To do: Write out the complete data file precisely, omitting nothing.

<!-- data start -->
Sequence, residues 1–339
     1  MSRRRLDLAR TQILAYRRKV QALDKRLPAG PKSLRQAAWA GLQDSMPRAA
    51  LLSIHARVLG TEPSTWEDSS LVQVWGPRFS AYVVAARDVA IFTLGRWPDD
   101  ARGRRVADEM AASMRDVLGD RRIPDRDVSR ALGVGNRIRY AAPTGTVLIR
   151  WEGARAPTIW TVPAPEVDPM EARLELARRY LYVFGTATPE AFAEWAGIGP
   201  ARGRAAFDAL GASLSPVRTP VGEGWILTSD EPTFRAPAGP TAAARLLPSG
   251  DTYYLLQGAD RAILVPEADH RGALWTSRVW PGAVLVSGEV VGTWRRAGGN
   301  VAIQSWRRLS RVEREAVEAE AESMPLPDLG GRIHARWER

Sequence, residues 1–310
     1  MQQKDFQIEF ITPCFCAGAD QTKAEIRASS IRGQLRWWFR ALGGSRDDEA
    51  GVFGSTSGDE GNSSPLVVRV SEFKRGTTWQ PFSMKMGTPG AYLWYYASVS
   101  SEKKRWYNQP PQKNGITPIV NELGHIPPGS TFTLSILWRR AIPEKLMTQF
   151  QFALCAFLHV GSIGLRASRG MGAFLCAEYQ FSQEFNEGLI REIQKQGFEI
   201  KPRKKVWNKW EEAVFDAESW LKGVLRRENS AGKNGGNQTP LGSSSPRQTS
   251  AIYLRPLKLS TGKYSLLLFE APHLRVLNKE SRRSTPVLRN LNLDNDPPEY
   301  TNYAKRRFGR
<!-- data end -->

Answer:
Sequence, residues 1–339
     1  MSRRRLDLAR TQILAYRRKV QALDKRLPAG PKSLRQAAWA GLQDSMPRAA
    51  LLSIHARVLG TEPSTWEDSS LVQVWGPRFS AYVVAARDVA IFTLGRWPDD
   101  ARGRRVADEM AASMRDVLGD RRIPDRDVSR ALGVGNRIRY AAPTGTVLIR
   151  WEGARAPTIW TVPAPEVDPM EARLELARRY LYVFGTATPE AFAEWAGIGP
   201  ARGRAAFDAL GASLSPVRTP VGEGWILTSD EPTFRAPAGP TAAARLLPSG
   251  DTYYLLQGAD RAILVPEADH RGALWTSRVW PGAVLVSGEV VGTWRRAGGN
   301  VAIQSWRRLS RVEREAVEAE AESMPLPDLG GRIHARWER

Sequence, residues 1–310
     1  MQQKDFQIEF ITPCFCAGAD QTKAEIRASS IRGQLRWWFR ALGGSRDDEA
    51  GVFGSTSGDE GNSSPLVVRV SEFKRGTTWQ PFSMKMGTPG AYLWYYASVS
   101  SEKKRWYNQP PQKNGITPIV NELGHIPPGS TFTLSILWRR AIPEKLMTQF
   151  QFALCAFLHV GSIGLRASRG MGAFLCAEYQ FSQEFNEGLI REIQKQGFEI
   201  KPRKKVWNKW EEAVFDAESW LKGVLRRENS AGKNGGNQTP LGSSSPRQTS
   251  AIYLRPLKLS TGKYSLLLFE APHLRVLNKE SRRSTPVLRN LNLDNDPPEY
   301  TNYAKRRFGR